A claimant may also have a cause of action in Fraud and passing off, as seen in the One in a Million Case, British Telecommunications plc and others -v- One in a Million Ltd [1999] 1 WLR 903, where the UK Court of Appeal held that registration of a domain name inherently like someone else’s name could amount to an “instrument of fraud”, a kind of passing off. The facts of the case were that one in a Million (the appellants), were dealers in Internet domain names, specializing in registering names identical or similar to the names of well-known companies without their consent. Domain names including Marks & Spencer, Sainsbury’s, Virgin, British Telecommunications and Ladbroke Group were registered by the appellants who wrote to the various companies whose name or mark featured in particular domain names, offering them for sale.

The UK Court of Appeal opined that, “the domain names were registered to take advantage of the distinctive character and reputation of the marks. That is unfair and detrimental”.

As an example of passing off, the judge considered the Marks & Spencer name. Anybody seeing or hearing the name connects it with the business of Marks & Spencer plc. So, if a person taps on his keyboard the domain name, and sees the name One in a Million Ltd, it could clearly create a false representation constituting the common law tort passing of off.

Nevertheless, the appellants argued that mere registration did not amount to passing off and that M & S had not established any damage or likelihood of damage. The judges refuted such arguments by explaining that the registration of the domain name including the words “Marks & Spencer” was an “erosion” of the exclusive goodwill in the name which damages or is likely to damage M & S.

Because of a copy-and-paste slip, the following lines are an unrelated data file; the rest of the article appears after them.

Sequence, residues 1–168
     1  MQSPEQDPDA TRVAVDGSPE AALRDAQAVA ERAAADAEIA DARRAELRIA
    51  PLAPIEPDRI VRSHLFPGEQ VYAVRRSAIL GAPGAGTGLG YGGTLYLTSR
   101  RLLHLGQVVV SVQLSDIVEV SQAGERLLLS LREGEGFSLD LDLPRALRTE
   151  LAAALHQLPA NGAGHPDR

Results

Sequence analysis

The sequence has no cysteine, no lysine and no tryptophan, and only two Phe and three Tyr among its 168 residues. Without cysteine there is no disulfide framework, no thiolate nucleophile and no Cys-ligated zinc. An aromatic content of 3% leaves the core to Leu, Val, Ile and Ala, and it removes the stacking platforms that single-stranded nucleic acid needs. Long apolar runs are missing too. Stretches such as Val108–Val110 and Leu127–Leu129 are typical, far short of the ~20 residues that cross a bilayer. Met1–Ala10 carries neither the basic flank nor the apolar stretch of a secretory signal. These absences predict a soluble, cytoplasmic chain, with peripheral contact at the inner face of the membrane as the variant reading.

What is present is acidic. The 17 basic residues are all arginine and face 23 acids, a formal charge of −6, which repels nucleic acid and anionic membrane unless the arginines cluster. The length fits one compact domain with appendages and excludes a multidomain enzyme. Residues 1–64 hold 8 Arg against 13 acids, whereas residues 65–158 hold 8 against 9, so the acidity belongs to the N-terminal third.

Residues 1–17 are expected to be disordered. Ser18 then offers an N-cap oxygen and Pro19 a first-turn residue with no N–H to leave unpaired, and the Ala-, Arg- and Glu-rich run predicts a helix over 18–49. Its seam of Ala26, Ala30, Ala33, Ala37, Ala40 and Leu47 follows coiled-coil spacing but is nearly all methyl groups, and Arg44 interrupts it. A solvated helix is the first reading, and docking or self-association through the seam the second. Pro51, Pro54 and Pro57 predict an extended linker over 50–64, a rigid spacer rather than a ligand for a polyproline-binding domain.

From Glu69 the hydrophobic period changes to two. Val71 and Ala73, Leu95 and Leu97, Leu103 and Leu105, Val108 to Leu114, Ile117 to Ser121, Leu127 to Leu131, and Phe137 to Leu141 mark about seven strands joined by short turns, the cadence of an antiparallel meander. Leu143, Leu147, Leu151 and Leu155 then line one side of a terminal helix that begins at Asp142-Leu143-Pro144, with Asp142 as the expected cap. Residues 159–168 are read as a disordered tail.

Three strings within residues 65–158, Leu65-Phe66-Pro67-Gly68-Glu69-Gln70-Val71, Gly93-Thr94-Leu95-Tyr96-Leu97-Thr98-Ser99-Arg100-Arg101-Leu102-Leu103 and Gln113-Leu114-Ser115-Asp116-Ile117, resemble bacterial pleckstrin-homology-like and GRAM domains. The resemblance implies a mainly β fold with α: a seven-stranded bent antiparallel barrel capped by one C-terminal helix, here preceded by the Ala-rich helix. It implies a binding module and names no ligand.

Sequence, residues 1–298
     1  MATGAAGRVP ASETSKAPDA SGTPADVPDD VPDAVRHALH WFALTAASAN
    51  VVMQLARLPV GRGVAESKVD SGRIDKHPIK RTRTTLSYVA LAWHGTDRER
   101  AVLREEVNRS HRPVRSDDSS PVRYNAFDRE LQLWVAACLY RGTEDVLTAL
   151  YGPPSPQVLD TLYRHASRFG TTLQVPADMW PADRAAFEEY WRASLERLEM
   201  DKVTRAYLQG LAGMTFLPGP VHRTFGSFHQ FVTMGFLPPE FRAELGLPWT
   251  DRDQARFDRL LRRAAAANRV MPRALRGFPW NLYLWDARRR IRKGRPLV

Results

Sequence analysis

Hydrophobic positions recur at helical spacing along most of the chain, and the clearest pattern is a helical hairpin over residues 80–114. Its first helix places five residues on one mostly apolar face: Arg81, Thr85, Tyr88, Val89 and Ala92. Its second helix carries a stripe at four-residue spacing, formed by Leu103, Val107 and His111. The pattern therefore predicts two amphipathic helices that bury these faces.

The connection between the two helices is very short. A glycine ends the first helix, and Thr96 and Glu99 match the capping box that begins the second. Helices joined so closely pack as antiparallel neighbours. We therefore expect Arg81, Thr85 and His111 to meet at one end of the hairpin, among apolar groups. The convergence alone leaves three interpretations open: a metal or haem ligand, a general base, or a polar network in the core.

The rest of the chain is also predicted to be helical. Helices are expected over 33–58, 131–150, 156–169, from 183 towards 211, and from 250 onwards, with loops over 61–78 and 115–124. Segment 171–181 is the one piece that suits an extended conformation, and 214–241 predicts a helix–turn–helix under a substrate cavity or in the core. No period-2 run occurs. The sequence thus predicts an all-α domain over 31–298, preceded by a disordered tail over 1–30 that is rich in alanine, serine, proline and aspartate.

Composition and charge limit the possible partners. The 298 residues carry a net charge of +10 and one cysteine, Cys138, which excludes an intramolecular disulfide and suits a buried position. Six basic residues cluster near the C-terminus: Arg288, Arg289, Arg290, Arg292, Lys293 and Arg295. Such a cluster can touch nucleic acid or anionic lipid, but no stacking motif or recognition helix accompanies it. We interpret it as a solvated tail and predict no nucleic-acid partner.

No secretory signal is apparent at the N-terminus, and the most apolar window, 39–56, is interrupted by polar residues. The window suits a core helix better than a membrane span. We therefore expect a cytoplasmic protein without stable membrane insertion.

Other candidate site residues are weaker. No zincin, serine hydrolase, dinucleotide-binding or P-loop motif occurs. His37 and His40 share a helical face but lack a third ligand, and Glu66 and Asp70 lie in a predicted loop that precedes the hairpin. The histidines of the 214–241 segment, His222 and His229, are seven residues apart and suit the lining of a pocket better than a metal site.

The judges came to a similar conclusion, for slightly different reasons, in respect of all the other companies involved (Virgin, BT, Sainsbury’s and Ladbrokes) and further held that the mere sale of a domain name, which is confusingly similar to a registered trademark, represents an infringement.

This case has been cited and used in various subsequent claims and has evolved to infer liability on a cybersquatter at the time of registration and before actual use of a domain name as was seen in another UK case, limited and Royal Bank of Scotland Group Plc and Others [2015] EWHC 3509 (Ch). Consequently, a claimant may under common law, bring a successful domain name infringement claim in Uganda.

Giving express Intellectual property protection/recognition to domain names especially in the realm of eCommerce, is necessary if Uganda is to move with the digital age.  Recognition of domain names as a form of intellectual property, may be crucial to curbing cybersquatting and will likely to be a pre-requisite to undertaking domain dispute proceedings in Uganda.

In the meantime, it wouldn’t be wise to register another company’s business name as a domain name as this may open you up to civil liability.

Kenneth Muhangi

Partner - KTA Advocates
LLB Hons (UCU) LLM (Wales) Dip Lp. LDC
Technology, Media, Telecommunications & Intellectual Property Law Practitioner